Pet therapy aiding residents of Freedom Village

La Mancha Animal Rescue ‘House Dogs’ get second life as volunteers

By Lauren Parker- Gill, Staff writer, The Times


Pet therapy has been shown to lift spirits, improve socialization and reduce feelings of anxiety and depression with the elderly. Photo courtesy of LaMancha Animal Rescue.

WEST BRANDYWINE – LaMancha Animal Rescue has been working with Freedom Village since March as part of a pet therapy program that was created to lift the spirits of their elderly residents of the dementia unit.

When Shannon Kline, an administrator of the skilled unit at Freedom Village, expressed interest in building a pet therapy program for the residents of the dementia unit, resident account manager Martha Bowman knew just who to contact. Bowman’s mother-in-law Heidi has been volunteering with LaMancha for several years and thanks to this connection, a partnership was born.

LaMancha Animal Rescue, located on 45 beautiful acres of land in East Fallowfield, was initially established in 2001 as an organization that rescued racehorses intended for the slaughterhouse. In 2003, the rescue expanded to include animals of all types. LaMancha now rescues dogs, cats, pigs, cows, sheep, chickens, peacocks and emus, and provides them with food, shelter, rehabilitation, medication and training in a safe environment.

Most dogs are rescued from high-kill shelters that unfortunately lack the funding to spay or neuter the animals and therefore do not put them up for adoption; they keep them until their stray hold is up and euthanize them, using inhumane methods such as heart stick injections, carbon monoxide or other gasses.

While most of the animals are put up for adoption, owner Dru Campbell occasionally chooses to keep those not suited for adoption due to temperament, age or even illness as “house dogs.” They will live out the rest of their lives at LaMancha, in the owners’ private home and have the freedom to roam the property. Adorned with collars, the house dogs usually volunteers and visitors as they arrive.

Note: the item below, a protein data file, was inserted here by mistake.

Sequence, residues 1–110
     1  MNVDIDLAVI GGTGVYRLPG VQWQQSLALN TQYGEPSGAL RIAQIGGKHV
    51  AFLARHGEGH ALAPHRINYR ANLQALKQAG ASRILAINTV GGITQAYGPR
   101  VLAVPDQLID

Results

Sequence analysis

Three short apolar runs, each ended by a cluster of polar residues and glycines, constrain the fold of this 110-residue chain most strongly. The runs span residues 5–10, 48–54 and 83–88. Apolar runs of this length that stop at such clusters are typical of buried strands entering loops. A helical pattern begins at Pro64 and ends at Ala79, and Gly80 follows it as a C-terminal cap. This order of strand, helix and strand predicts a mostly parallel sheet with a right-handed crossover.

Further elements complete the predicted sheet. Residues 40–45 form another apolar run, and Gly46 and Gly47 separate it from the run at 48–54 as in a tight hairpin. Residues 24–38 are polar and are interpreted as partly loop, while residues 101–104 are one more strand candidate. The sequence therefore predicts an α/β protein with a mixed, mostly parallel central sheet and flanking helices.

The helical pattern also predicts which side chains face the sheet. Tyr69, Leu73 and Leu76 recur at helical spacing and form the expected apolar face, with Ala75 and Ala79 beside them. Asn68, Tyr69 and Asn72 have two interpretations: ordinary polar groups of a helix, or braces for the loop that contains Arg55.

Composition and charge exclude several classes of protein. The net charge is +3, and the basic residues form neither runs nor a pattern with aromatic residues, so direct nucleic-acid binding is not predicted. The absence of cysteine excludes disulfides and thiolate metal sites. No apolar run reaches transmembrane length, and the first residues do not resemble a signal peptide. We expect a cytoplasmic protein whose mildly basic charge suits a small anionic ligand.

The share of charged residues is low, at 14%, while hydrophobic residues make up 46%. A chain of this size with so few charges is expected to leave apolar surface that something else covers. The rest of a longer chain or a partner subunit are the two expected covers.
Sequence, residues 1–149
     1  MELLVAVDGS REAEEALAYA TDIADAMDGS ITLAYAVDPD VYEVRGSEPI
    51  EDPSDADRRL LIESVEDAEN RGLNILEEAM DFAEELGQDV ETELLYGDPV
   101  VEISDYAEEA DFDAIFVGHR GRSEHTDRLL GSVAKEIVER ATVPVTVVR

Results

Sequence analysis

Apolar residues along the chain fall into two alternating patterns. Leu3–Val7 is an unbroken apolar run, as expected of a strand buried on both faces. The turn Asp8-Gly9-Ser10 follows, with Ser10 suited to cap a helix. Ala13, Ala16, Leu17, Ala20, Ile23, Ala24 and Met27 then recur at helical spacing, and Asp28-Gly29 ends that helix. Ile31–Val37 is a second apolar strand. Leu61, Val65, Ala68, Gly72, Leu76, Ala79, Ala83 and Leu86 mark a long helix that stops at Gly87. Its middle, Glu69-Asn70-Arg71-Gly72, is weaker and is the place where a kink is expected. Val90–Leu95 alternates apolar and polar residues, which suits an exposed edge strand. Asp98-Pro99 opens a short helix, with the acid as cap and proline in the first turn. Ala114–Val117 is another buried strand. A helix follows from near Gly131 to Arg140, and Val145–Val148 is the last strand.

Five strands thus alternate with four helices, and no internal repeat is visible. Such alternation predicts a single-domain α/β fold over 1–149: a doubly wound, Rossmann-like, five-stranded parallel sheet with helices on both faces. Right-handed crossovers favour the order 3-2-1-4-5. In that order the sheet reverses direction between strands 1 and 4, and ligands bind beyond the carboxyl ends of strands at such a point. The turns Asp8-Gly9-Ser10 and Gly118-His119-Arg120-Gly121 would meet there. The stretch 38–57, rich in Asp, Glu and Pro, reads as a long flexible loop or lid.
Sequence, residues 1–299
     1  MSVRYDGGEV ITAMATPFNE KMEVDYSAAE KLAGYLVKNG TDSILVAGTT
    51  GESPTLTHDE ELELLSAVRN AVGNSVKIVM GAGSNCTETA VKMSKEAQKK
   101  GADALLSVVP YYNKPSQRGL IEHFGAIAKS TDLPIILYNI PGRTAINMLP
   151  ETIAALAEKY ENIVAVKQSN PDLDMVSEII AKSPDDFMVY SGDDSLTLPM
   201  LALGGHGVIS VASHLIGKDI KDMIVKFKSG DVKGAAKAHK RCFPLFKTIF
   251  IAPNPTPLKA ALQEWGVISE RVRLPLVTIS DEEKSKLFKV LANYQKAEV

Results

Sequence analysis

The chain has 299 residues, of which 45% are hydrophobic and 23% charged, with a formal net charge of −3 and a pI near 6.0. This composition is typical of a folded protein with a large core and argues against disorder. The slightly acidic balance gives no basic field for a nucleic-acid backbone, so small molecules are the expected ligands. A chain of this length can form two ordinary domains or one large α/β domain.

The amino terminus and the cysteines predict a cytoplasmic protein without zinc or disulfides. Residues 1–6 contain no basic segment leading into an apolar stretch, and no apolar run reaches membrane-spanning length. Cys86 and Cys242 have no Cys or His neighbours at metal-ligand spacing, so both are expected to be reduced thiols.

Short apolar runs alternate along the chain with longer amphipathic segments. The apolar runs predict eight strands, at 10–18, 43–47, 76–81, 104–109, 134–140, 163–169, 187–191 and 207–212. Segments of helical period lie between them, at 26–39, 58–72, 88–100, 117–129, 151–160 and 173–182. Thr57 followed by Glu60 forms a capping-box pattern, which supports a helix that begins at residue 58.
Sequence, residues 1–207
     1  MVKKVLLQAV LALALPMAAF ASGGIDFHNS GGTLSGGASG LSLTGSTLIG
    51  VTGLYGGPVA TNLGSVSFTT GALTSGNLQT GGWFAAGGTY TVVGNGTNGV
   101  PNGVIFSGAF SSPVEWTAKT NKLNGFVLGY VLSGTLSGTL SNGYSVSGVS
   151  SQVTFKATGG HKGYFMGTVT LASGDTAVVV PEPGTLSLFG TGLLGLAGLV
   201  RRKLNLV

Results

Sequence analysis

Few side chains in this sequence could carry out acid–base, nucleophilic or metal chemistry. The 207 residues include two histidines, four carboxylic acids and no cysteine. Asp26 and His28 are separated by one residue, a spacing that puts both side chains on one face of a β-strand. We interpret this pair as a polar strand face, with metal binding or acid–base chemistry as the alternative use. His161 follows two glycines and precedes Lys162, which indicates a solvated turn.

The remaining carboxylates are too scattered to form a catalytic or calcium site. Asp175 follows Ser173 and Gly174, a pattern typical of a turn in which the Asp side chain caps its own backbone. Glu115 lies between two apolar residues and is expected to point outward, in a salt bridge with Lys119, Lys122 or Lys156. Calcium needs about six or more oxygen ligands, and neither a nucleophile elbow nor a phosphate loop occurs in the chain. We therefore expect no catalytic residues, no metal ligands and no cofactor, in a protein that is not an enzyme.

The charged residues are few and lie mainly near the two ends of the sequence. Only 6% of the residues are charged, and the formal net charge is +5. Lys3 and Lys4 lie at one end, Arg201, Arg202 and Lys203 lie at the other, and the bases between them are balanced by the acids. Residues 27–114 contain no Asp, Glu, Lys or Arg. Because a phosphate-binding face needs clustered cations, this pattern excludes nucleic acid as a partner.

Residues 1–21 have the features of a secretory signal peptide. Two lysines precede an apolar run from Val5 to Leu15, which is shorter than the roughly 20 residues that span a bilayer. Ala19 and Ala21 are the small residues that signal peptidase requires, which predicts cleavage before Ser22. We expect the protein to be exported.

Chichi happily sat on one resident’s lap as Nanook and Bergy greet a group of residents during Lamancha’s twice weekly visits at Freedom Village. Photo courtesy of: Laida Negrin

Due to the nature of the program, LaMancha has carefully chosen six of the house dogs and approved them for visits to Freedom Village, based on their temperament and demeanor. Their names are Bergy, Nanook, Regan, Jake, Chichi and Red. Some are Great Pyrenees and the others are mixed breeds.

Each Wednesday and Saturday mornings, the volunteers of the pet therapy program arrive at LaMancha to prepare the dogs for their visit to Freedom Village, which includes brushing them, cleaning them up and giving them some fun accessories to wear. Depending on the number of volunteers, two or three dogs make the trip each week.

Due to the success of what initially began as visits to the dementia unit, the pet therapy program quickly evolved to include the skilled nursing, rehabilitation, memory care and assisted living units. All together, the volunteers and dogs now visit approximately 70 residents.

“The residents absolutely love having the dogs visit. Not only do they look forward to visits but also their spirits and moods are lifted even after they leave. Each resident feels a connection with at least one of the dogs.” Bowman said in an email.


A Great Pyrenees named Bergy from LaMancha Animal Rescue visits with a resident from Freedom Village, as part of the pet therapy program that began in March. Photo courtesy of: Laida Negrin.

One resident showed LaMancha volunteer, Virginia Lucas, a picture of her dog from years ago and shared her fond memories of the little dachshund that loved to play on the trampoline. Lucas happily listened to her, as the resident gently pet Bergy.

According to Therapy Dogs International, the physical benefits of pet therapy can lower blood pressure, improve cardiovascular health, lessen physical pain and release endorphins for a calming effect. The benefits of mental health include lowering anxiety and depression, providing comfort, improving socialization and reducing feelings of isolation and boredom.

“We are so thankful for all that LaMancha does for our residents. This pet program means more to them than you will ever know.” Bowman stated.

Please visit if you’d like more information about LaMancha and the pet therapy program.

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